4 – Create the Blog Entity

First we’re going to be setting up the model, or Entity, we’re going to be using. Earlier, when we imported the test data we got a glimps of what it will look like.. Let us start!  Open up the post.php file and copy in the following code. We’ll have a look at it after that.

namespace Blog\Entity;

//use Application\Entity\AbstractEntity;
use Doctrine\ORM\Mapping as ORM;

/**
* Class Blog
*
* @ORM\Entity
* @ORM\Table(name="posts")
*/
//class Post extends AbstractEntity
class Post
{
    /**
    * @var int
    * @ORM\Column(name="id", type="integer", nullable=false)
    * @ORM\Id
    * @ORM\GeneratedValue(strategy="IDENTITY")
    */
    protected $id;

    /**
    * @var string
    * @ORM\Column(name="title", type="string", nullable=false, length=128)
    */
    protected $title;

    /**
    * @var string
    * @ORM\Column(name="slug", type="string", nullable=true, length=128)
    */
    protected $slug;

    /**
    * @var \DateTime
    * @ORM\Column(name="created", type="datetime", nullable=false)
    */
    protected $created;

    /**
    * @var string
    * @ORM\Column(name="body", type="string", nullable=false)
    */
    protected $body;

    public function __construct()
    {
        if (empty($this->created)) {
            $this->created = new \DateTime('NOW');
        }
    }

    public function generateSlug($title = null)
    {
        if (empty($title) && !empty($this->getTitle())) {
            $title = $this->getTitle();
        }

        $slug = str_replace(' ', '-', strtolower(htmlspecialchars($title)));

        $this->setSlug($slug);

        return $this->getSlug();
    }

    /**
    * @return int
    */
    public function getId()
    {
        return $this->id;
    }

    /**
    * @param int $id
    */
    public function setId($id)
    {
        $this->id = $id;
    }

    /**
    * @return string
    */
    public function getTitle()
    {
        return $this->title;
    }

    /**
    * @param string $title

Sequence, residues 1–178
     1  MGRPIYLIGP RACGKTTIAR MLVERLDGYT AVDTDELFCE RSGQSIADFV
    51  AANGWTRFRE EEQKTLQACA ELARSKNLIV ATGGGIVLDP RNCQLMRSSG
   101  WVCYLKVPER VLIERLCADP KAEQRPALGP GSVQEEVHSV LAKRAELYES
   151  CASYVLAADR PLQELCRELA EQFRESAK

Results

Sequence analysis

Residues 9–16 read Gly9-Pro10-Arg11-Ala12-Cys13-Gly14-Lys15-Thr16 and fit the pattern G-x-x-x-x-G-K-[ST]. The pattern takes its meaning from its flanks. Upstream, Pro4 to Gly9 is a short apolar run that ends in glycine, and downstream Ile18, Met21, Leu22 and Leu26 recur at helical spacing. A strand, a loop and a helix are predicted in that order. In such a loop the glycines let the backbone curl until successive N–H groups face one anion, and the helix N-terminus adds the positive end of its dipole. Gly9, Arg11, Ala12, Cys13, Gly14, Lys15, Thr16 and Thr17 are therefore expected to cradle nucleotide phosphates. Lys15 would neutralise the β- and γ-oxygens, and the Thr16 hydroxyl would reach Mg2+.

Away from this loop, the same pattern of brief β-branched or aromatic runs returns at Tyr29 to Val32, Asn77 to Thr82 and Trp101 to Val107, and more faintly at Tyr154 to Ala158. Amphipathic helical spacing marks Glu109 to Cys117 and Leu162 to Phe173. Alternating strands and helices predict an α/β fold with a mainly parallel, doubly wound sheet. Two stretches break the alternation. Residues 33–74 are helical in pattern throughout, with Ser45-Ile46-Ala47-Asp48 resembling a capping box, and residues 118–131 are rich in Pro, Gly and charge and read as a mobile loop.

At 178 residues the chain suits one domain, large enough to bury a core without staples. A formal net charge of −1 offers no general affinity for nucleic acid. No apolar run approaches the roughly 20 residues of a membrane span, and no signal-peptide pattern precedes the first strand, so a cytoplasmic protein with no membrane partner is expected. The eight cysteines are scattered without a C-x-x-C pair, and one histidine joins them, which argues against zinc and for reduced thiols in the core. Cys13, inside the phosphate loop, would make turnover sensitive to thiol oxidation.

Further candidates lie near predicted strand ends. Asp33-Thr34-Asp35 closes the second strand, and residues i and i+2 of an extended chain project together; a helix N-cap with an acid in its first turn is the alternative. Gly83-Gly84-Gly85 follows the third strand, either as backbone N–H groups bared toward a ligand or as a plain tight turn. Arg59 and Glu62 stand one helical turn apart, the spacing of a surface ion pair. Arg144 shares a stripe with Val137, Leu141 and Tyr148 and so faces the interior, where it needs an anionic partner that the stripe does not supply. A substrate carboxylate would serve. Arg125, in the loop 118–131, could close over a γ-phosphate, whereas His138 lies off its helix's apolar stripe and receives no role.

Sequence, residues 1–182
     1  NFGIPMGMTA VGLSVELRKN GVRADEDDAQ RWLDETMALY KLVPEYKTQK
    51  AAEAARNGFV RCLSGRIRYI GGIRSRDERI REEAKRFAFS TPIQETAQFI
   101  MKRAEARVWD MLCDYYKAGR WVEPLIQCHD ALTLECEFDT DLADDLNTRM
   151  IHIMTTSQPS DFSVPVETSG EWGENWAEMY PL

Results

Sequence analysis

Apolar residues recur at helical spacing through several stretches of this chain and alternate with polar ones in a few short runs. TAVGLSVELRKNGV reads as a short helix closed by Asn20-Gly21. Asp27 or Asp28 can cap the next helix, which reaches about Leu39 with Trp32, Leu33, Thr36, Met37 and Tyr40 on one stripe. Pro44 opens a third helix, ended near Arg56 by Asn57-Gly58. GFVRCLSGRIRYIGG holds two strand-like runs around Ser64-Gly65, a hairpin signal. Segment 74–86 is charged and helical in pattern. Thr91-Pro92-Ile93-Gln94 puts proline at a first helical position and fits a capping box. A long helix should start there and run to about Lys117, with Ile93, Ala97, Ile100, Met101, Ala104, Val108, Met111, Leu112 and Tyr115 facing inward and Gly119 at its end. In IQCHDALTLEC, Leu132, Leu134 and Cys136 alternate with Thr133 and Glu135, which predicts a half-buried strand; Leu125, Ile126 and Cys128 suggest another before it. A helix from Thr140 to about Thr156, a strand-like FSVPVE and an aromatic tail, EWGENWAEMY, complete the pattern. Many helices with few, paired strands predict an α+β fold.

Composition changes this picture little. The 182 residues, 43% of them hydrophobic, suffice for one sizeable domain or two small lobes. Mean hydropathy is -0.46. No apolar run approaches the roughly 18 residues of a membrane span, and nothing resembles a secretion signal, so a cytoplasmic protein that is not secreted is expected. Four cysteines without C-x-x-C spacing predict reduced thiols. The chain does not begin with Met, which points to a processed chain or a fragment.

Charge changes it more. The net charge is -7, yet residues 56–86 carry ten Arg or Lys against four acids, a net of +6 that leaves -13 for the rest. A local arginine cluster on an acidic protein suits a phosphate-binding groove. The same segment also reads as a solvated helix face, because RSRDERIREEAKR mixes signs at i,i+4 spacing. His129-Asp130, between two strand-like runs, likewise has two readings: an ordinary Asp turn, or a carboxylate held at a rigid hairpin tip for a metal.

*/
    public function setTitle($title)
    {
        $this->title = $title;
    }

    /**
    * @return string
    */
    public function getSlug()
    {
        return $this->slug;
    }

    /**
    * @param string $slug
    */
    public function setSlug($slug)
    {
        $this->slug = $slug;
    }

    /**
    * @return \DateTime
    */
    public function getCreated()
    {
        return $this->created;
    }

    /**
    * @param \DateTime $created
    */
    public function setCreated($created)
    {
        $this->created = $created;
    }

    /**
    * @return string
    */
    public function getBody()
    {
        return $this->body;
    }

    /**
    * @param string $body
    */
    public function setBody($body)
    {
        $this->body = $body;
    }
}

Make sure to especially read through the properties and their annotations at the top of the file. Notice how we use the Doctrine\ORM\Mapping namespace in these annotations. Doctrine uses these to identify what their counterparts in the database should be. Also, the class annotations tell Doctrine that this class should be treated as an Entity, whose data is stored in the posts table in the database.

Furthermore, each property has it’s own attributes, the property $id more than the others. The annotation @ORM\Id tells Doctrine that this attribute is a Primary Key, or an identifier value. @ORM\GeneratedValue(strategy=”IDENTITY”) tells Doctrine that it should automatically create a new identifier value for this property when a new one is created. It gets the ID to use for a new property from the database.

With the $created property, notice how it is set to be a datetime object in its type annotation and that the PHP annotation for @var sets it to \DateTime. The Doctrine annotation tells it that it should expect the value of the entity property $created to be a PHP DateTime object.